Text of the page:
One of the things that I enjoy the most while doing field work in the jungle is to do field work at night. Spiders and many other creatures become more active at night time, therefore to understand patterns of spider web building and prey capture we do a lot of our work after the sunset. In addition to working at night to get the data we need, night time provides a glimpse into the nocturnal wildlife. Believe me, there is nothing quite like walking the trails in the dark jungle with the fluttering moths and flies around our headlamps. This is one of my favourite moments here in the Amazon.
Our group had a night of adventure walking through the dark and muddy trails of Jatun Sacha observing and enjoying the liveness of the jungle. Although we knew (more or less) what was waiting for us on the trails, we were no shy expressing our excitement for the different animals we found. Along our way, we contemplated all sorts of creatures, most of them larger in size than expected or seen by us before, such as this spiny bush cricket of more than 10 cm long or this whip spider, also known as tailless whip scorpion that was the size of Philippe’s hand.
We were also fortunate to discover several small tree frogs in the dark; these animals spend a major portion of its lifespan in trees feeding on insects.
And Tiffany was never scared to grab any amphibian she found along the way, including this big and fat toad who posed with almost everyone for a good picture. As I said, she never doubted in capturing amphibians to look at them closer, the picture on the right shows her manipulating a caecilian, a tropical amphibian that look like a large worm or a slick snake that we found two days earlier at Palenque in the cloud forest.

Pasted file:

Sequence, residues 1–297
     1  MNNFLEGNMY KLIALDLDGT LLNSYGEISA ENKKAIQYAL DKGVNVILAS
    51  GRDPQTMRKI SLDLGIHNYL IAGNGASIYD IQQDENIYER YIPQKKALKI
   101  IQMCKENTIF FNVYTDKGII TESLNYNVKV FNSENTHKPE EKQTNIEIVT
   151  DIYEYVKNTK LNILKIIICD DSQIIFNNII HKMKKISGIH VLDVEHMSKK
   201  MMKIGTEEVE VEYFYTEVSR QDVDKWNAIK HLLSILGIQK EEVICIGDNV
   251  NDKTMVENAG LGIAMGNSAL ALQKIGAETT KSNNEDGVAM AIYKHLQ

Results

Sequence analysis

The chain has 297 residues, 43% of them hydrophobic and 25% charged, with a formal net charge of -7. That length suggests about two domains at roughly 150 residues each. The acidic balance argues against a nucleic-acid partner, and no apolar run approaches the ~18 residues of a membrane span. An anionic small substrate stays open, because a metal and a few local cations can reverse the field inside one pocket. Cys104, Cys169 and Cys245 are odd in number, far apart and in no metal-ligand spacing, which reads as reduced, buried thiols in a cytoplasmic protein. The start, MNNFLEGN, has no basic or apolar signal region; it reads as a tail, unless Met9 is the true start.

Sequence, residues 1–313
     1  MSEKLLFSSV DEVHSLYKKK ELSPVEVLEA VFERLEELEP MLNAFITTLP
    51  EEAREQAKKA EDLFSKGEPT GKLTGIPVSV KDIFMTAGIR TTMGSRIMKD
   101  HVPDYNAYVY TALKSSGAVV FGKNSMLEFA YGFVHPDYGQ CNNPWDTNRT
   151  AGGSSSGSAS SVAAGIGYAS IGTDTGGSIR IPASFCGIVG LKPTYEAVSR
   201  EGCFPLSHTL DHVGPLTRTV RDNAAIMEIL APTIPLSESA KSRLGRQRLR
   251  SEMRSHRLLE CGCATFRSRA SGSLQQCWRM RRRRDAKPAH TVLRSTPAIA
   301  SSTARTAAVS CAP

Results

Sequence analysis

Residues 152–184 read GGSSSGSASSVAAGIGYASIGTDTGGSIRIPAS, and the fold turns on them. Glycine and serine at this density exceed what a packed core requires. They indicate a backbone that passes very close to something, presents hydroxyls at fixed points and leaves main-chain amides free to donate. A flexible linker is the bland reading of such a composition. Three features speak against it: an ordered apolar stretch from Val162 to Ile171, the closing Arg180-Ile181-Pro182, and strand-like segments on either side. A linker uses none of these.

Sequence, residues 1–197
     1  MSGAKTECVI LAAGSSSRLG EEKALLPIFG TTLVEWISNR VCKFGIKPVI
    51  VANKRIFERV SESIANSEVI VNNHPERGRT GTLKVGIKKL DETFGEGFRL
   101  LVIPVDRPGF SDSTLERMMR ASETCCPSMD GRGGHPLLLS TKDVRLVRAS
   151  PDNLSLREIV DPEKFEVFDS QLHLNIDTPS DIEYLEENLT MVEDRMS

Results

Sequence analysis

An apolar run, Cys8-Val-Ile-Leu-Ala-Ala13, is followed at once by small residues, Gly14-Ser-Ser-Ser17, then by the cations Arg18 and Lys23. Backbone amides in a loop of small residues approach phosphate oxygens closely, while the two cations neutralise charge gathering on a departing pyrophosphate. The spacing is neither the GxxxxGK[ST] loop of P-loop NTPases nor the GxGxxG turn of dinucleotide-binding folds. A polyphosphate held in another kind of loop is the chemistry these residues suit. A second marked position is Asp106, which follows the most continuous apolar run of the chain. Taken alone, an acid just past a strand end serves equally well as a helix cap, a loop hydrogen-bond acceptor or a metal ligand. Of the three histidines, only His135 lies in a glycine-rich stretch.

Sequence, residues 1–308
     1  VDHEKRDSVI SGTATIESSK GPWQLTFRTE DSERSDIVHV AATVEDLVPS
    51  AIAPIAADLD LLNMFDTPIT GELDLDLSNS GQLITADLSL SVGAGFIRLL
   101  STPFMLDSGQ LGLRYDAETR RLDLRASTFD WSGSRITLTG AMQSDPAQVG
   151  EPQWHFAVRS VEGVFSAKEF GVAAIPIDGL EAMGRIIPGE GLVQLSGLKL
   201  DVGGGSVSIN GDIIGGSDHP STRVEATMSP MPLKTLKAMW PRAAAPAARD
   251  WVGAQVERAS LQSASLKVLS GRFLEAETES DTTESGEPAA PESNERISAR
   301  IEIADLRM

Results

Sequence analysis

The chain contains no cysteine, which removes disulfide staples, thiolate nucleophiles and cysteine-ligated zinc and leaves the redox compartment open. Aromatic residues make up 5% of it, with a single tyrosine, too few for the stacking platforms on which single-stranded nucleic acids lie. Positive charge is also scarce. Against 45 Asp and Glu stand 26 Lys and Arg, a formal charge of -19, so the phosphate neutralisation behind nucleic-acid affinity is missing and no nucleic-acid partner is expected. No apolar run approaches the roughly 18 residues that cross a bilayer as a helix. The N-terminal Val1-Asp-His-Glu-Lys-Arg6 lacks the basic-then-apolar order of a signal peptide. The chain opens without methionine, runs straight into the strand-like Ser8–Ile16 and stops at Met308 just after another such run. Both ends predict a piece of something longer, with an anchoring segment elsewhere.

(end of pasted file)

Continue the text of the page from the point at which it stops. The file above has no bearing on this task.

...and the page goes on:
Beautiful insects such as this dragonfly are very common to observe as well. However, the jungle would not be the jungle without spiders, and we looked at several interesting species waiting in their webs for a prey. For example, these araneas, which build a beautiful orb web.The most amazing spider we found however, is this net-casting spider, which uses a blue/purple web that suspends between the front legs. This spider prey capture strategy is to stretching the net and propel itself onto the prey, entangling it in the web.
Army ants are also common to find in the jungle at day or at night. Here we followed the line of ants to find their nest, a scary hole in the base of a log where all the family reunites; thousand of ants! After a two hour walk and happy for the experience we had, we finish our night and went sleep under our mosquito net beds.